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Cabinet Paint - Primer Question

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Forum topic by kyngfish posted 03-17-2020 04:00 PM 589 views 0 times favorited 21 replies Add to Favorites Watch
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kyngfish

114 posts in 892 days


03-17-2020 04:00 PM

Hi All,

Making some shop cabinets to hang on my wall and I wanted to paint them with something reasonably durable, but also quality looking. So I was going to go for some enamel oil-based paint because it seems to withstand life better than latex. Last time I did this, I also used oil based primer, and it took a really long time to cure for sanding and finishing. Is it fine, or even recommended to use water based primer for quick drying and then oil based paint for durability?

Open to other feedback or suggestions as well.

Best


21 replies so far

View Fred Hargis's profile

Fred Hargis

6310 posts in 3296 days


#1 posted 03-17-2020 04:18 PM

I suggest you reconsider the top coat. Many of the new paints are now 100% acrylic, and much better than the old latex paint (they are still called latex in most cases). I’ve used them on several utility cabinets, including one that sat in my greenhouse for about 4 years, and the paint has held up very well. Just be sure to check for the 100% acrylic, it will (or should) say that on the label somewhere. I should point out: I did apply that paint over an oil based primer.

-- Our village hasn't lost it's idiot, he was elected to congress.

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kyngfish

114 posts in 892 days


#2 posted 03-17-2020 04:24 PM

I tried an acrylic coat on some chairs for my dining room and while the finish was good, the durability vs. the enamel stuff was blah. Is there any reason you’re recommending acrylic other than the drying time? I have a good compressor/spray gun, so i normally get pretty good finishes

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wildwoodbybrianjohns

1815 posts in 350 days


#3 posted 03-17-2020 06:10 PM

Never oil over water. Water over oil is ok though.

-- Wildwood by Brian Johns: The Big Bang: Nothing - exploded into Everything. Thanks to Nothing.

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Fred Hargis

6310 posts in 3296 days


#4 posted 03-17-2020 07:34 PM

I suggest acrylic because the water based is so much easier in a lot of categories…. clean up, odor, dry time. The clean up is even more important if you spray. I see wear and tear on a chair as being a little higher than on a cabinet, I’d probably not want to use it in a chair either. I’m not suggesting that the acrylic paints as as tough as their oil based counterpart, but they are a lot better than the paints of just a few years ago…and a huge step better over the latex wall paint most of us remember.

-- Our village hasn't lost it's idiot, he was elected to congress.

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controlfreak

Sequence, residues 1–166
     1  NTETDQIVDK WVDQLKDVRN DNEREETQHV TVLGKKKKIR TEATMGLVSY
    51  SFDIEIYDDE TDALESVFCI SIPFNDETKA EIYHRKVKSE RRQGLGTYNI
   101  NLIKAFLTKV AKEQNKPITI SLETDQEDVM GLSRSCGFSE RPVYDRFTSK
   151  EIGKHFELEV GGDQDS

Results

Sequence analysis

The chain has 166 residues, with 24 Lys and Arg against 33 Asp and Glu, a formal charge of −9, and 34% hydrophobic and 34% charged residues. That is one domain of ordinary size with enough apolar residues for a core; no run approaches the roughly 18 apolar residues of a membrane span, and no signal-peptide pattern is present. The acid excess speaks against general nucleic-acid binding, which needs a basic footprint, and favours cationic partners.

927 posts in 404 days


#5 posted 03-17-2020 07:47 PM

Although oil primer can have a longer dry time it shouldn’t take any longer than a day. If a lot of tint gets added it may lengthen dry time unless you add some japan dryer. The idea with primer is to not have it dry too fast which is why I don’t like latex. Oil has more time to penetrate into the material and this increases the bond. You can top coat any primer with any finish you like however you can not ever paint latex over any gloss oil finish without deglossing and a new primer coat. Even though you can paint oil over latex a new primer coat will help adhesion. Nothing is worse than a finish that each time it is bumped it chips or flakes.

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maxyedor

40 posts in 1127 days


#6 posted 03-17-2020 09:19 PM

I would use BIN Shellac based primer. Just recently started using it and it’s awesome! Hides stains extremely well, dries in 10-15 minutes, pretty much anything will stick to it, sprays like a champ.

For the top coat, I’ve been really happy with Milk Paint and Dunn Edwards Aristacoat Alkaloid paint.

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CaptainKlutz

3330 posts in 2297 days


#7 posted 03-17-2020 09:29 PM

Enamel cabinet finish? Sounds like need to finish stamped metal cabinets made in 1950’s, very old school! LOL

Could use what the professional cab shops spray on cabinets: pigmented pre-cat lacquer for kitchen/bath, or pigmented 2-part conversion varnish for office cabinets?

Both cure in less than a day. Solvent systems are more durable than Water Base (WB). Any decent industrial paint supplier can also recommend the proper primer for top coat, and it might even be a WB. They have pigmented pre-cat primer, as well as general purpose vinyl/acrylic primer systems. If you want wood finishing tech from 70’s/80’s, can even buy pigmented 2K polyurethanes.

If can tolerate solvent system, look at Sherwin Williams Industrial Wood Coatings site for local industrial coating distributor. Their solvent lacquer and CV coatings are proven reliable, and industry standard others use for comparison.

For WB system, IMHO SW is not one of the better choices today? Look for a Renner, Target, or Gemini distributor in your area. If I believe my suppliers, a lot of the cabinet shops in my area are using Gemini WB top coats? Have used Gemini WB clear top coats and they were least objectionable WB I have found till recently.
Sprayed a test quart of new Renner WB poly and was surprised. Was harder than most, and performs more like a CV. Waiting for next cabinet project to give it a serious trial. It’s been a favorite in EU for many years, but just recently came to US due licensing issues with SW (Renner makes Slayerlack sold by SW).

Bottom line; Dump the enamel. Loads of better choices.
Which one is better for you, will depend on which supplier you have access to locally where you get your finishing materials and professional advice. ;-)